Common for all gold rushes is that prospecting and social phenomena relating to it have been controlled by legislation either before or during the rush.
Law during the Ivalojoki gold rush
Gold fever in Finnish Lapland did not provide the same scale disorders or the number of jobbers as the big gold rushes around the world, California and Ballarat as examples. However, even for northern Lapland, it was necessary to create common rules to ensure order, thus the emperor of Russia, Alexander II, set an act concerning gold prospecting in Lapland of Finnish Grand Duchy. Furthermore, an officer house Kultala Crown Station was built for summer 1870. It served as a base for about 40 officers, who saw that the rules were followed, took in reports, admitted prospecting permissions etc.
The gold prospecting regulation/act itself took small steps in a democratic direction, partly because the leaders of Grand Duchy of Finland were quite determined. Rather many nobles and big company owners in Russia wanted the regulation to concern only them, but at the end, gold prospecting was allowed to every man with a good reputation. In retrospect, the law itself was a peculiar combination of Eastern and Western legislation, but it served the purposes of those days.
How did the prospectors obey the law? In northern Lapland quite well, though officers had to resolve cases related, for example, to the borders of the claims. There was a saloon near Kultala Crown Station, so it was difficult to avoid occasional fights when tired men – or part of them – took that one drink too much. In general, things went smoothly, though there were 500-600 prospectors in the area during the busiest first years. Also, obeying the law was strictly overseen. Information about happenings and some disorders during the bigger gold rushes elsewhere in the world made the act quite strict. Especially section number 52 of the law defined specifically what a prospector can do and what he cannot do. Prospectors were made also to keep an eye on each other.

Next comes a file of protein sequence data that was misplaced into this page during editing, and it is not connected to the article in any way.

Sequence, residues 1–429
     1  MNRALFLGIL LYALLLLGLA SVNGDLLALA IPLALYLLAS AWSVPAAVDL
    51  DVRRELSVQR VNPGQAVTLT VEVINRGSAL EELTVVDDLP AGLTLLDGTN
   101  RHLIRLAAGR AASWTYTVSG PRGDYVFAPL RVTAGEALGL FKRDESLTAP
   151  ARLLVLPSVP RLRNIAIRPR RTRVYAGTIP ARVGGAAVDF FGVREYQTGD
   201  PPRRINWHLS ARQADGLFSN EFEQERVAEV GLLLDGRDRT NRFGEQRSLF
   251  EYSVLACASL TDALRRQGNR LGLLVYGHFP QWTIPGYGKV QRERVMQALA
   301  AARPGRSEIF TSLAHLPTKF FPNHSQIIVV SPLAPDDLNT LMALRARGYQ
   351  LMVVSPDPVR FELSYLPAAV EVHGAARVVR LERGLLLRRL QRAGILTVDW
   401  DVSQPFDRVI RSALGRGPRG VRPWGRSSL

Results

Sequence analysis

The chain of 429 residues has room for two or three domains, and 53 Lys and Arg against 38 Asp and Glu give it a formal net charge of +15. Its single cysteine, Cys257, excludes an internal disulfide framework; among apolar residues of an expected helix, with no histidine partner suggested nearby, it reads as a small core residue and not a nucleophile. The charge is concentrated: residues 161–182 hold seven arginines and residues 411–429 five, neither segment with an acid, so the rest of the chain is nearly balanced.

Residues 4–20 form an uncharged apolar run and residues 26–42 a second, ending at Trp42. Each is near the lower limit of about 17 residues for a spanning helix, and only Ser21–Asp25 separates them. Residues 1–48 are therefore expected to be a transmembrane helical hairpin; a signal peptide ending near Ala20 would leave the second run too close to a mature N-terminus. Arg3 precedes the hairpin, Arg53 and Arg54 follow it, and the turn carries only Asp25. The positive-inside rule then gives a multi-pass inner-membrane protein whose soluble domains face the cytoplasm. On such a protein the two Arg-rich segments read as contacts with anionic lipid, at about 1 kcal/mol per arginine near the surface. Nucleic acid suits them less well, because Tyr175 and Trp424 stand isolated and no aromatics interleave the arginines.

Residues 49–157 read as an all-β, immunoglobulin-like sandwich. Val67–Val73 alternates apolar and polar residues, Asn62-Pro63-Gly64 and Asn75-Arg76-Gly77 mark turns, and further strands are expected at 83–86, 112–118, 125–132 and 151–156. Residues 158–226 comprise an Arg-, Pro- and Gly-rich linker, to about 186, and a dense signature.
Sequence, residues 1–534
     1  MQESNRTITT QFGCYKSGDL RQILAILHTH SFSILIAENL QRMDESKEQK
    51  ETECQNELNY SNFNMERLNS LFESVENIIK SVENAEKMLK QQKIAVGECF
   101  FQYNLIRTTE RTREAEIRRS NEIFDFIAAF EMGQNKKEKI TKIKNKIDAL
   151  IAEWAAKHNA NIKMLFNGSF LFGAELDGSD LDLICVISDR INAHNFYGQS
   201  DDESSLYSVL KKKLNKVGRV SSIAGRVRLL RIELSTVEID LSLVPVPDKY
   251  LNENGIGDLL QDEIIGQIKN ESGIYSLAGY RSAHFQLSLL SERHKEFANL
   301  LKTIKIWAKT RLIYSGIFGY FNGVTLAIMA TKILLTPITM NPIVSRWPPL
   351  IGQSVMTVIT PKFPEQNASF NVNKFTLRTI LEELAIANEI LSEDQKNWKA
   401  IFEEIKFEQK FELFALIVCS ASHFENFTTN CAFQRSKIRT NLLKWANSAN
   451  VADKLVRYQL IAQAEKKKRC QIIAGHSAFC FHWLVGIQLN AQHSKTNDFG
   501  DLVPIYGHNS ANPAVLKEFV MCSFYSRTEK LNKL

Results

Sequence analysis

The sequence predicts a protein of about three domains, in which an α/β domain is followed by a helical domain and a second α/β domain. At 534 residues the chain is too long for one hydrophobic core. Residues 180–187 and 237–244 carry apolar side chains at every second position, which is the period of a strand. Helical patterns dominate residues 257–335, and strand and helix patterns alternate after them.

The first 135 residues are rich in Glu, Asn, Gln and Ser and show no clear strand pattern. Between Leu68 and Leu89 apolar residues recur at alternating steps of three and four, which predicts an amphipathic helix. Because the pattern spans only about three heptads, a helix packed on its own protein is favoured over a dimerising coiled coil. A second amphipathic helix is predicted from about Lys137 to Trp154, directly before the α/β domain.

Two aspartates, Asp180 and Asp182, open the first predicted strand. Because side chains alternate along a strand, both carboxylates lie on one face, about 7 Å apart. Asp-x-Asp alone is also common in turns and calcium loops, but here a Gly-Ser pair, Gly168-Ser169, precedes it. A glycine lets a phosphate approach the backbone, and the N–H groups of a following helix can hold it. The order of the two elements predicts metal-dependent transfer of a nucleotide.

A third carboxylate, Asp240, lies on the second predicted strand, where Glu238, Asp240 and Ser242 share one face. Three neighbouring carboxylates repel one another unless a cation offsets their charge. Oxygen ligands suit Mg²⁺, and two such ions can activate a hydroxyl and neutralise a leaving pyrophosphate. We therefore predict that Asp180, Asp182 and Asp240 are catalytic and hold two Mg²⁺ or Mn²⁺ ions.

Another thing, however, is how the duty related to reporting and tax paying was followed – despite the strict act. Stories tell that during the early years of gold rush part of the prospectors smuggled their gold across the border to Norway. This happened for two reasons: firstly, they didn’t need to report that gold, which meant they didn’t have to pay taxes to the emperor for that gold. Secondly, the price of gold was higher in Norway than in the Grand Duchy of Finland. Thus, despite the risks, the smuggling was so useful that it has been estimated some quantity of gold had been brought and sold in Norway, especially during the first years of River Ivalojoki gold rush.
Photos: Archives of Gold Prospector Museum.